Every year at college commencements there are many graduates accepting their diplomas whose next stop might have been medical school had it not been for a disastrous experience with the MCAT. Considered by many to be the most demanding of all the graduate school entrance exams, a sub-par result on the Medical College Admissions Test (MCAT) is a key reason that so few of those who set out for medical school ultimately make it there. But it’s not the difficulty of the MCAT exam itself that keeps success rates low. A common culprit is inadequate preparation.
The MCAT is a seven-hour exam with three science sections (Biological and Biochemical Foundations of Living Systems, Chemical and Physical Foundations of Living Systems, and Psychological, Social, and Biological Foundations of Behavior) and a critical reading section.
According to 10 Things I Wish I Knew Before I Started Studying for the MCAT, by a student who “flunked” the MCAT the first time around, the big mistake is treating the MCAT as just another end-of-semester exam—i.e., a few hours spent going over notes and readings. Instead, treat it like you are training for a marathon, allocating solid, dedicated time every day. How much is enough? According to 4 MCAT Myths, most students who do well on the MCAT spend between 200 and 300 hours preparing for the exam.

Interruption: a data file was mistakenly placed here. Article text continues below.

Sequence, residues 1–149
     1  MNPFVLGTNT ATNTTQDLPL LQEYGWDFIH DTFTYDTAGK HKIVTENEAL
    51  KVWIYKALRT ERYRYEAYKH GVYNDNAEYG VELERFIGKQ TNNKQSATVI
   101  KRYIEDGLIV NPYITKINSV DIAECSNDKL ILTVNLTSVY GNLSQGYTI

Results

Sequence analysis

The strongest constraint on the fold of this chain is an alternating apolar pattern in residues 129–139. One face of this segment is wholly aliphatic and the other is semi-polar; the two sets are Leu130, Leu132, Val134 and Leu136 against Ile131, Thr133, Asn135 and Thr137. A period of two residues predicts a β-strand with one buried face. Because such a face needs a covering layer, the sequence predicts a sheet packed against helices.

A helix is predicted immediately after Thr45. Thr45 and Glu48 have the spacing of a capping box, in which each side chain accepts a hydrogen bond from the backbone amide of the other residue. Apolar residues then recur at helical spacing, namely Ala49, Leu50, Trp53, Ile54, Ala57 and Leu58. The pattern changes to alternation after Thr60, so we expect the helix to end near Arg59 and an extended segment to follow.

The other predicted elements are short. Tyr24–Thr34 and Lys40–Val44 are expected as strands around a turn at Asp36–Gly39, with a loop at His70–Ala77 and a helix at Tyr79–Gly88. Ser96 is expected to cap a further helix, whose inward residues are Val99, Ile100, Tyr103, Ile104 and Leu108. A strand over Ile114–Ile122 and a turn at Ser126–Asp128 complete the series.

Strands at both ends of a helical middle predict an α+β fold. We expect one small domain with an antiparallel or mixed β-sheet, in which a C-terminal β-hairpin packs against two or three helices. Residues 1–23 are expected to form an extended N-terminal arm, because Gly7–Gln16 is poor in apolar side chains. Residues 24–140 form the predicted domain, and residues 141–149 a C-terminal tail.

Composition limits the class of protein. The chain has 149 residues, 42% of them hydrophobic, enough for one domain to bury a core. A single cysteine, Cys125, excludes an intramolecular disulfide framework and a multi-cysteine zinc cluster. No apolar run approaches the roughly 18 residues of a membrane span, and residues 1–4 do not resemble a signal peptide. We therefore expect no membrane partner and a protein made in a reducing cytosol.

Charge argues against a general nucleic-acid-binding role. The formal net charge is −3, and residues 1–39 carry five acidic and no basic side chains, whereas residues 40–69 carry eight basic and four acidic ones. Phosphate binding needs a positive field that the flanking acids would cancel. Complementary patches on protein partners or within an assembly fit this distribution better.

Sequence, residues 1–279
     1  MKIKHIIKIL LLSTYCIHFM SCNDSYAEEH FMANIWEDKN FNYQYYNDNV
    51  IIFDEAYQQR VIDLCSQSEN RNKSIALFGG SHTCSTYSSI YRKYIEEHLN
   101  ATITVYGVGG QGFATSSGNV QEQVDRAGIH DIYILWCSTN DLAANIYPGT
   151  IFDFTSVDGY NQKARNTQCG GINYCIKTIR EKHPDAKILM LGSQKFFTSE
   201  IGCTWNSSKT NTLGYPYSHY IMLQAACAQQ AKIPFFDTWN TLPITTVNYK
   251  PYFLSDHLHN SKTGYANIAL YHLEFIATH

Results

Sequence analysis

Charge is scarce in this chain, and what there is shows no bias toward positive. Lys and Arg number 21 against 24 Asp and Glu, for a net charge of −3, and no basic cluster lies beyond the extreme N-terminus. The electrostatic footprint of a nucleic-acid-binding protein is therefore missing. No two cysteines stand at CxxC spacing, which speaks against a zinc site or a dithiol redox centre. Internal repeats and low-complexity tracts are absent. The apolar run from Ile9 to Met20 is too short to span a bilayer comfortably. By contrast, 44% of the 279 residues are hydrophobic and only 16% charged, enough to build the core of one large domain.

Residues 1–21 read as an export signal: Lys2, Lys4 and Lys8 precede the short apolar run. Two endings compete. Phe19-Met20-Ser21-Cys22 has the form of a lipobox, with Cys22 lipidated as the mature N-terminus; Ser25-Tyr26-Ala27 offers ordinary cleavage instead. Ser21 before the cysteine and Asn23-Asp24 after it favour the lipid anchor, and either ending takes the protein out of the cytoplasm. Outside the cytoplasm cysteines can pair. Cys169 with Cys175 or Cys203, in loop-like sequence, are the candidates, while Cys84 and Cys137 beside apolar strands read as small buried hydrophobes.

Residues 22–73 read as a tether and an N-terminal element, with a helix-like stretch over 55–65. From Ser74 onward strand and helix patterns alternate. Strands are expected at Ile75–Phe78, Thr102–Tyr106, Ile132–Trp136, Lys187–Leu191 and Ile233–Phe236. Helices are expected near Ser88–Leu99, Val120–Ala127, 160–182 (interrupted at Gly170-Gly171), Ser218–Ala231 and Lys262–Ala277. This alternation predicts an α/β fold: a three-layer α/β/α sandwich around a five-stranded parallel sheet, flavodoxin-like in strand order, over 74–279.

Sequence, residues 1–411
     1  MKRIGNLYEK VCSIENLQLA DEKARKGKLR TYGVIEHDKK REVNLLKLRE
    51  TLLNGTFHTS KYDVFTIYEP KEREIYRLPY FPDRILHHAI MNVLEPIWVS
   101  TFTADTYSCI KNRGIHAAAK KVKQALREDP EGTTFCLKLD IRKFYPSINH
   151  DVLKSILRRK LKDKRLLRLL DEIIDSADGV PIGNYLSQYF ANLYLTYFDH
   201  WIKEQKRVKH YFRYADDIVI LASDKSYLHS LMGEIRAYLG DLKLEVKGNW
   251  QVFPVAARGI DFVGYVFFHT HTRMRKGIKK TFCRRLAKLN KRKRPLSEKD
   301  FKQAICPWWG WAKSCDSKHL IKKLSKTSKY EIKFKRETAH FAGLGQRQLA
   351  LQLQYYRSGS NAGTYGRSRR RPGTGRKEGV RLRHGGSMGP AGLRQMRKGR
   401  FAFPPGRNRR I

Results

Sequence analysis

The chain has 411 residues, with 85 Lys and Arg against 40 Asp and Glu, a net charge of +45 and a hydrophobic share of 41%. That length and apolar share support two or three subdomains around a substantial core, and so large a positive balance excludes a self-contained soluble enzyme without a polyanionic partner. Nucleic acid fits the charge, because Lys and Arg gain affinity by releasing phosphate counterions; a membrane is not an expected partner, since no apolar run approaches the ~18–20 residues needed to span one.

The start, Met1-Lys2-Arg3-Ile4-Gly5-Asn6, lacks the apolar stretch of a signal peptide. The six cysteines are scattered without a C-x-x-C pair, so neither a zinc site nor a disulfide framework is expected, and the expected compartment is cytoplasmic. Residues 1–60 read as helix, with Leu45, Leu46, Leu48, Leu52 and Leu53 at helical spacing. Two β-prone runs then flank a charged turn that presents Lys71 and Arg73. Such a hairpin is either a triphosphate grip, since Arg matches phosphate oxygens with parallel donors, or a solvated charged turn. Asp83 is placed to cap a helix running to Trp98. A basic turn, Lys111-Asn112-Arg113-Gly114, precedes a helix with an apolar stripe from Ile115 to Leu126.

And it’s not just about hitting the books. You also need to eat right, manage your social life, avoid straining your eyes and don’t plan something big for right after the exam—that’s likely to be an unnecessary distraction that will rob you of precious points on your score.